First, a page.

English Composer Sir William Walton was Born in 1902
Across his six-decade career, Walton wrote notable film scores and concertos premiered by Jascha Heifetz and Paul Hindemith
Sir William Walton was born in a Lancashire mill town in northwestern England to parents who were both singers. Additionally, his father worked as a choirmaster and singing teacher.
As reported in the New York Times, Walton relieved his family's financial struggles with his talent for singing. Winning a scholarship to the Cathedral Choir School at Christ Church in Oxford, he also began composing pieces in his early teens. Encouraged by organist and educator Sir Hugh Allen, he completed a piano quartet to great success at age 16.
He was later accepted to Christ Church as an undergraduate student — becoming the youngest since former English King Henry VIII — but did not graduate due to missing the deadline for the required composition. Being largely self-taught, Walter received advice and mentorship from Ernest Ansermet and Eugene Goossens in conducting, according to Boosey and Hawkes.
During his time in Oxford, his friendship with writer Sacheverell Sitwell was foundational in developing and securing his music career. When Sitwell left Oxford, Walton was taken in by his siblings at their Chelsea home, where he remained for 15 years as an unofficial composer-in-residence with the highly-celebrated literary family.
Written in 1923 to pair with a set of satirical poems by Edith Sitwell, Walton’s Facade became his most famous work and propelled his career. Other works include his String Quartet, Toccata for Violin and Piano, his First Symphony, and the cantata Belshazzar’s Feast for chorus, orchestra, and two brass bands. In 1938, a commission for a violin concerto was made by Jascha Heifetz, who gave the premiere the following year.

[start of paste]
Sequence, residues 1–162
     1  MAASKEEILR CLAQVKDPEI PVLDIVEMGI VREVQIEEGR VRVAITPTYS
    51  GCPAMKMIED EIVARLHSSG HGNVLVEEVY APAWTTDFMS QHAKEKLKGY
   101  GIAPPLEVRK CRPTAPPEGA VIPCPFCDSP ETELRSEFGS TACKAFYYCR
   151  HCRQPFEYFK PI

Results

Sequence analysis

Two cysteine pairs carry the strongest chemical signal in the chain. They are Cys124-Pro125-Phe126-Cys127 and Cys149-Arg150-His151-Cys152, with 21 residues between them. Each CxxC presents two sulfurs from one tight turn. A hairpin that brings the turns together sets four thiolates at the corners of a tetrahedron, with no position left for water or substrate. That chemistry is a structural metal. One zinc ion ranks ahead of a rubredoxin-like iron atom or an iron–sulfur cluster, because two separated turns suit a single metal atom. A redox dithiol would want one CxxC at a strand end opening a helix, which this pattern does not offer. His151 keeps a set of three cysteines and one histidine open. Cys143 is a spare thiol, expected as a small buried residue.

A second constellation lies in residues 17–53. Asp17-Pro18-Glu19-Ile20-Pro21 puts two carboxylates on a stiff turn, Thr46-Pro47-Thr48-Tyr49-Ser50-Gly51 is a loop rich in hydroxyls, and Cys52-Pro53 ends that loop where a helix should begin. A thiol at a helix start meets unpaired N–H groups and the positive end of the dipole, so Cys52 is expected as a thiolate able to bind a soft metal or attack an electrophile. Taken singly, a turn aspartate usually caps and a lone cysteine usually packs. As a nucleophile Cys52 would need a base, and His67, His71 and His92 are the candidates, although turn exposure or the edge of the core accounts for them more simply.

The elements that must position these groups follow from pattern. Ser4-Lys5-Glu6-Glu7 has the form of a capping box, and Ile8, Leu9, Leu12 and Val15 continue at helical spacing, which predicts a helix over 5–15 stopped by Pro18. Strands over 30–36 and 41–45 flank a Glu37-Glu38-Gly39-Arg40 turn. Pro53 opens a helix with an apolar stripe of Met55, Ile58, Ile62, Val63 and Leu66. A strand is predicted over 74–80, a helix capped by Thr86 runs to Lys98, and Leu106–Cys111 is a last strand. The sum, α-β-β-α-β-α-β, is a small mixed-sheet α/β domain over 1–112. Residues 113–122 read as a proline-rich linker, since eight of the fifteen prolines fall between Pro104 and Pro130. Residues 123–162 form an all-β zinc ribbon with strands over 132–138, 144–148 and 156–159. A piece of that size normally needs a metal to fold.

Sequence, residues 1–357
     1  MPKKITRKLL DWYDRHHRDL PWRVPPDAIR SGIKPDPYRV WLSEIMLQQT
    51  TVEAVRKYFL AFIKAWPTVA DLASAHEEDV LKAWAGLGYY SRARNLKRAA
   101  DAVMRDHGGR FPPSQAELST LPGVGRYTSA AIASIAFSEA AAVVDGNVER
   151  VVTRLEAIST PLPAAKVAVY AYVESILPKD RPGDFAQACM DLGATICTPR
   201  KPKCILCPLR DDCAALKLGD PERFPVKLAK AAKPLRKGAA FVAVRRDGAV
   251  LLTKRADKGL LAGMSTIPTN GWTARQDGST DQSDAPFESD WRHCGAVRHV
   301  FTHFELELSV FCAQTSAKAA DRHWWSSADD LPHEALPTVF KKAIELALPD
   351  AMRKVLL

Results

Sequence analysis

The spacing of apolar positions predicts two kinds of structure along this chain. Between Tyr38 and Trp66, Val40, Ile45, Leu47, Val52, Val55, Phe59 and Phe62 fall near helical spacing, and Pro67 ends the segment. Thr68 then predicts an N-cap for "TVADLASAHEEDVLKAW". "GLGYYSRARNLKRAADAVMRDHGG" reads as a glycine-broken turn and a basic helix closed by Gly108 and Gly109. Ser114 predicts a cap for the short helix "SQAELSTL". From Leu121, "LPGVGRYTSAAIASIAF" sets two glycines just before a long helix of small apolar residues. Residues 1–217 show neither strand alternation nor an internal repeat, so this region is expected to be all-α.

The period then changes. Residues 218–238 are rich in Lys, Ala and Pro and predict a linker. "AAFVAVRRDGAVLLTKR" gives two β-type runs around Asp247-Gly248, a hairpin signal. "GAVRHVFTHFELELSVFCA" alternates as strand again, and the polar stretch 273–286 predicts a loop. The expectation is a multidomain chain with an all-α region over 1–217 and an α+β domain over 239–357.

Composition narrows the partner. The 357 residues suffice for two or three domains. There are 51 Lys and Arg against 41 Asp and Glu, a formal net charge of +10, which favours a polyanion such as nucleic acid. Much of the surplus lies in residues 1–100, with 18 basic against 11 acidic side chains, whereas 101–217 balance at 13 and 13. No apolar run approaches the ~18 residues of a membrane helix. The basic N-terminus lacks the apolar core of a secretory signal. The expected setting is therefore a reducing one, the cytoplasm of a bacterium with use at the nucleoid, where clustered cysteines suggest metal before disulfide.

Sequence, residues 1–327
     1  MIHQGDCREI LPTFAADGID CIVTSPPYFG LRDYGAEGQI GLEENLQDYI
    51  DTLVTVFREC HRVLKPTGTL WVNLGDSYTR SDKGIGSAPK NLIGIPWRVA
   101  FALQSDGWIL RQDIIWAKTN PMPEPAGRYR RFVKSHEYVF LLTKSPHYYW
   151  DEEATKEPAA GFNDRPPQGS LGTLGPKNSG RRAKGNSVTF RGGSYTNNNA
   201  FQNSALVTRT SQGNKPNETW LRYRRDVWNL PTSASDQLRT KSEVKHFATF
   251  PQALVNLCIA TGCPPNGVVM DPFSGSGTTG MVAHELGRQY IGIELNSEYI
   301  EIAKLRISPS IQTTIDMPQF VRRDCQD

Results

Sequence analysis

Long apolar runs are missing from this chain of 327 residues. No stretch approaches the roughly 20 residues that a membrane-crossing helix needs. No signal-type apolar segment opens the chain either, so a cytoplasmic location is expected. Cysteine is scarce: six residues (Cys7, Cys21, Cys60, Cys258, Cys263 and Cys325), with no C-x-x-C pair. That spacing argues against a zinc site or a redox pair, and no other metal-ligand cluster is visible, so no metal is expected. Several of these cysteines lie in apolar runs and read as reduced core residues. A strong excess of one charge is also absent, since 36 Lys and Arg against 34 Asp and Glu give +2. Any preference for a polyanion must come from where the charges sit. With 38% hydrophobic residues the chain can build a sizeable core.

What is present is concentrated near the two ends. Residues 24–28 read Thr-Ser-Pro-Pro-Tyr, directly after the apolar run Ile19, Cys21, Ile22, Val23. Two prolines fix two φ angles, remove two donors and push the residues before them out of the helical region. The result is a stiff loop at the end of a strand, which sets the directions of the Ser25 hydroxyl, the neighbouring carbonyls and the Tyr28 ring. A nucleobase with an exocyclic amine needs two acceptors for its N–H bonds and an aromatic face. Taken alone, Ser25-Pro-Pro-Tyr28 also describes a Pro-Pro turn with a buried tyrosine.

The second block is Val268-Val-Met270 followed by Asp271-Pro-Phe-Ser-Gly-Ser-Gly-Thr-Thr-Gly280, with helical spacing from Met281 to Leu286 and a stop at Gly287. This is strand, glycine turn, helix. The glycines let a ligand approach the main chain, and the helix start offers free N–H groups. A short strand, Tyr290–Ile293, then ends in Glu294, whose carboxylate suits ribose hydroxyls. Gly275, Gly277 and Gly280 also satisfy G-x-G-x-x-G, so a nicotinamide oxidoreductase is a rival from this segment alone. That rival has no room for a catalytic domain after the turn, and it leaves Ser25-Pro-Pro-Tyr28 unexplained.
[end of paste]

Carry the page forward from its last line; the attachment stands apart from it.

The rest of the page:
At the urging of conductor Sir Thomas Beecham, Walton wrote a viola concerto. Published in 1939, its premiere was given by German composer Paul Hindemith. Walton had initially sent the work to virtuoso Lionel Tertis, who later stated it was one of his favorites.
SIR WILLIAM WALTON | BELSHAZZAR’S FEAST | LONDON SYMPHONY ORCHESTRA | SIR SIMON RATTLE | BBC PROMS| 2019
Knighted in 1951, Walton also composed music for two coronations — King George VI in 1937 titled Crown Imperial March, and Queen Elizabeth II in 1953 titled Orb and Sceptre. Additionally, he composed the overture to Scapino in 1941 for the 50th anniversary of the Chicago Symphony Orchestra.
During the war years, Walton dedicated his time to writing for dance and film, including the ballets The Wise Virgins and The Quest, as well as Shakespearean films starring Laurence Olivier, including Henry V, Hamlet, and Richard III.
From 1947 onwards, he composed another String Quartet and finished a trilogy of string concertos in 1956. Alongside these projects, he wrote music for cellists Gregor Piatigorsky and Mstislav Rostropovich.
In 1968, he received the Order of Merit, and 10 years later, was elected an honorary member of the American Academy and Institute of Arts and Letters. He died from a lung hemorrhage in 1983 in Ischia, Italy, aged 80.
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